After living through two Super Bowl seasons in the ‘burgh, I have learned that Pittsburgh does football their way. Whereas I’ve been to many Super Bowl parties in different states over the years, there is just something electric about football here in Steeler Nation – even when our team isn’t on the field.
So, this year, when our plans included watching the Super Bowl at the home of a local Pakistani doctor who recently helped to sponsor a family of Pakistani refugees to come to America, I knew that the unique experience that is Super Bowl in the ‘burgh would once again trump all others.
We learned a few weeks ago of a family from Pakistan who, due to their Christian beliefs, were subject to violent persecution back in their home country. The result? The murder of a mom and her two young children. Left to live without them? Her husband, two older children, and a cousin. Just over a year ago, they fled. To Thailand.
Through the help of Catholic Charities, and this local doctor who agreed to serve as their sponsor, they arrived in Pittsburgh from Thailand this past Wednesday.
In preparation for their arrival, a number of families from our church helped to clean, stock, and attend to repairs for a home owned by this doctor. And, to make space for more refugees who will also be headed to Beaver.
A party to celebrate their arrival was planned. For Super Bowl Sunday.
The family joined us for church that morning, which was my first opportunity to meet them. While the father and daughter speak very broken English, I was able to communicate quite well with his 16-year-old son, and 20-year-old cousin – a former cook in Pakistan – who promised me food. And lots of it!
The father, who seemed to wear a cloak of sadness, met Zane, and pronounced, “Oh. He is such a beautiful boy.” And then, silence. My heart hit the floor as I was reminded that one of his youngest, a boy of 5, had been killed only a little over a year ago. At that point, I wasn’t sure how to respond. What to do. What to say. So, I hugged him. And he responded with “Thank you, my dear sister,”
Fast forward to the party.
Harper and Zane were noticeably unsure how to act. Harper had packaged up a pretty bracelet for the daughter, and Zane drew a “Welcome” picture. But after those were handed out they naturally gravitated to their friends who were also present. It will take time.
Me? I befriended the cook! I’m no dummy.
My friend, Erik, sat with the father, listening intently to his retelling of the horrors they experienced, putting the broken English together to form the story. His eyes were teary.
George sat near his son chatting small talk, and eventually, along with another guest, attempted to teach him the rules of American Football.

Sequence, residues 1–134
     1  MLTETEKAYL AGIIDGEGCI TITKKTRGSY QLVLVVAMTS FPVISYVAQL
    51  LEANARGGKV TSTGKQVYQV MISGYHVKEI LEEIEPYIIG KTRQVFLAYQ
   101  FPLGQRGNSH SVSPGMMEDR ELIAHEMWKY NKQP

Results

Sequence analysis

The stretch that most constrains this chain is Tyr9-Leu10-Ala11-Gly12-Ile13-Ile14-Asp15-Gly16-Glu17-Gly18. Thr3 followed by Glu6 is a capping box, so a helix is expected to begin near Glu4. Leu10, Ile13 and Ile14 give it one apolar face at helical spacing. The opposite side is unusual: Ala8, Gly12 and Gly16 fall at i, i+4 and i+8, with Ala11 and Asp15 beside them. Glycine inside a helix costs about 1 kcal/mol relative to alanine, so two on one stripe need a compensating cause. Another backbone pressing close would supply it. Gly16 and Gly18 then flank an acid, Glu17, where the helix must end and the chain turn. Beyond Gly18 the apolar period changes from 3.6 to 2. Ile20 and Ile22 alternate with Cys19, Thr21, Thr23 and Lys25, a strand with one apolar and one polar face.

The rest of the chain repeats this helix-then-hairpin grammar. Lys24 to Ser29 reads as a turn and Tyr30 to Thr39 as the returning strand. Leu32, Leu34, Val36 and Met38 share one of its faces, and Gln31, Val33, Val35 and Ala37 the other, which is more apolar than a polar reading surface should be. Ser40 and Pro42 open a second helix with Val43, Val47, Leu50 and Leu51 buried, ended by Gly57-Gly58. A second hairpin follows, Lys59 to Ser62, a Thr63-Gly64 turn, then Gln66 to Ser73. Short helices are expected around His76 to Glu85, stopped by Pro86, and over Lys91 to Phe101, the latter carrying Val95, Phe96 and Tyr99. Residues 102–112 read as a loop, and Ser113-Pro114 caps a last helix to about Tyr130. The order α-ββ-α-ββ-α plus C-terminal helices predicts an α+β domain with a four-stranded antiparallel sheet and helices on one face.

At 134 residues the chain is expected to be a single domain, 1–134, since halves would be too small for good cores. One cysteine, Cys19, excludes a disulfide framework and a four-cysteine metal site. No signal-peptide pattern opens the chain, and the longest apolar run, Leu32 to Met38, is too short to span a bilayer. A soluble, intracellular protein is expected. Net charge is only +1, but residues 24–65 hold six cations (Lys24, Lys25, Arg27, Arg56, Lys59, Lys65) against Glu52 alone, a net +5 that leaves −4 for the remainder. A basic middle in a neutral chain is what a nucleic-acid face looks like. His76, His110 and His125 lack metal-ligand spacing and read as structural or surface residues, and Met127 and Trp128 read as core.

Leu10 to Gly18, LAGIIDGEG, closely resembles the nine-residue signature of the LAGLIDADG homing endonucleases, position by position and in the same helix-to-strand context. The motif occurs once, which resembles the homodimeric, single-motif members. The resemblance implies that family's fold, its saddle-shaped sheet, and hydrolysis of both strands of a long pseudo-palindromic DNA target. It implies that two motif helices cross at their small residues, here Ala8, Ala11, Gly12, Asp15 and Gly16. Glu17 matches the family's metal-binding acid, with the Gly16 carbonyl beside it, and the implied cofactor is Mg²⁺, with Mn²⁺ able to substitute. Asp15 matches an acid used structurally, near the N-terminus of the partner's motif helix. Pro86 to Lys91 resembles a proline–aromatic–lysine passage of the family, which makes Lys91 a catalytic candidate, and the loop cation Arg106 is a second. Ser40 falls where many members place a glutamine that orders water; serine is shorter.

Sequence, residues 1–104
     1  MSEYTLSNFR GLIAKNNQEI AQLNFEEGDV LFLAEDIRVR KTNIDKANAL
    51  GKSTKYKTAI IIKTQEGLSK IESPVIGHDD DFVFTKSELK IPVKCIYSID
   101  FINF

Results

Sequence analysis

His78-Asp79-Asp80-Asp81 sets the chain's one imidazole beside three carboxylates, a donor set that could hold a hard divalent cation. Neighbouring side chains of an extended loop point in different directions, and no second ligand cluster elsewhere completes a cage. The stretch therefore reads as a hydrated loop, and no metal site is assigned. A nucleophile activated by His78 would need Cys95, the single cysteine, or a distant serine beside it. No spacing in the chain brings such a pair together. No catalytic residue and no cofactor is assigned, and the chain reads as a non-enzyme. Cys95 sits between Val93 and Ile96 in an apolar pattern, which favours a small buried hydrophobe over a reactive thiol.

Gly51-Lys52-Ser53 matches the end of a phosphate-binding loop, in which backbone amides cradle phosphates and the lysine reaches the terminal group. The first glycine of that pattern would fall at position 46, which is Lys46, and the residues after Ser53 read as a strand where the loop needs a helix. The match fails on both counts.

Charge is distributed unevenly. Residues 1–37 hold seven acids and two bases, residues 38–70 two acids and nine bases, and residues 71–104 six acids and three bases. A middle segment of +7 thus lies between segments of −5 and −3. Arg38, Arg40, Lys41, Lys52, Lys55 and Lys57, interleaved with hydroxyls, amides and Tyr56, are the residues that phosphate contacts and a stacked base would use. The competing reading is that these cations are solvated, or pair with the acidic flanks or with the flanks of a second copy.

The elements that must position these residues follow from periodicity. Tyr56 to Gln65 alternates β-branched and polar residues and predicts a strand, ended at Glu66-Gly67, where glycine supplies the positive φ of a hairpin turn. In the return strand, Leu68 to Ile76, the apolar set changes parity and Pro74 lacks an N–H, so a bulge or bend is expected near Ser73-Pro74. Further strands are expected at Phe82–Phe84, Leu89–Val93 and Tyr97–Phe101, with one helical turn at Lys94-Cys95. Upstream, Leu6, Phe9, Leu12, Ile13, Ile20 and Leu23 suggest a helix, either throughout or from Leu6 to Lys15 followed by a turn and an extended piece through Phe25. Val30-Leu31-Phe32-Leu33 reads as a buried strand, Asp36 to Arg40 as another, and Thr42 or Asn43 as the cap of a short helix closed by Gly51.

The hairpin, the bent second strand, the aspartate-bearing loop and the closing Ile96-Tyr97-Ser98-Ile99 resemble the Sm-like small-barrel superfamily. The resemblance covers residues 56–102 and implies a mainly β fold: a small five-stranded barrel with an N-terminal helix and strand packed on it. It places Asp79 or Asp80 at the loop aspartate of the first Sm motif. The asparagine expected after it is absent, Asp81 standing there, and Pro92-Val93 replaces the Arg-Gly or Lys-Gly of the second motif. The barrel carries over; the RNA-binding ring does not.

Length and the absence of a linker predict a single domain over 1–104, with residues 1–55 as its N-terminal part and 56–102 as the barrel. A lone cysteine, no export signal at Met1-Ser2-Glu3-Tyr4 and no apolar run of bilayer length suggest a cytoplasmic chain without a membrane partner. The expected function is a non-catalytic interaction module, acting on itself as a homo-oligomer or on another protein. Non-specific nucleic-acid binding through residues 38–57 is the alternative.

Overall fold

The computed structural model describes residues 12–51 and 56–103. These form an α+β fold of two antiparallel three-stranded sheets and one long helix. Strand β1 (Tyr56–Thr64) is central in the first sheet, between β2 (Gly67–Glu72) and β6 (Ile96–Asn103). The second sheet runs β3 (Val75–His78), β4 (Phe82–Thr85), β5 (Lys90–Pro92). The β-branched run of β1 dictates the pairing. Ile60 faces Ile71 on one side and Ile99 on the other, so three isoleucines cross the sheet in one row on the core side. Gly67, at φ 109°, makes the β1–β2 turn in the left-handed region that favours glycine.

Lying on a hospital bed in the middle of the room was the doctor’s brother who had recently suffered a debilitating stroke. As it was his birthday, we sang him hymns and Happy Birthday – to which he was able to respond with a weak, but most joyful, “Thank you.”
All while the game played in the background.
Half-time approached. The sound was turned off. Madonna began to enter with her “army”. But, over the top of her Super Bowl Half-time Circus were the voices of the doctor and the son singing the Beattitudes (memorized) to us in Punjabi – with Erik playing a percussion instrument that he had only just picked up moments before – something that, yes, only Erik can do. (And yes, that link is another plug for his CD.)
While I could tell Harper was disappointed to be missing the half-time show, we couldn’t really explain to her THERE why this was so very important – to allow the party to be about our new friends. NOT about the Super Bowl.
As we drove home a bit later, me with an entire bag of lemon curry powder in my hand from the good doctor, and a promise of more food from the cooking cousin, we talked more about the violence and loss this family had endured.
Harper and Zane asked questions, but I wondered if they had really heard our answers. We discussed the meaning of the word persecution in terms we thought they could understand.
Then, as we watched the 4th quarter of the game in our home, our family completely intact, the press highlighted a player who had lost family members in hurricane Katrina.
“Oh, please,” Zane begged sadly, “no more about families losing their families.”
Super Bowl Sunday. Whereas last year there were tears shed into her Terrible Towel as Harper cried herself to sleep after a Steeler’s loss, we invested this year sitting and getting to know a new family, who are still shedding tears and are experiencing culture shock in their new town.
I can honestly say, this was a first.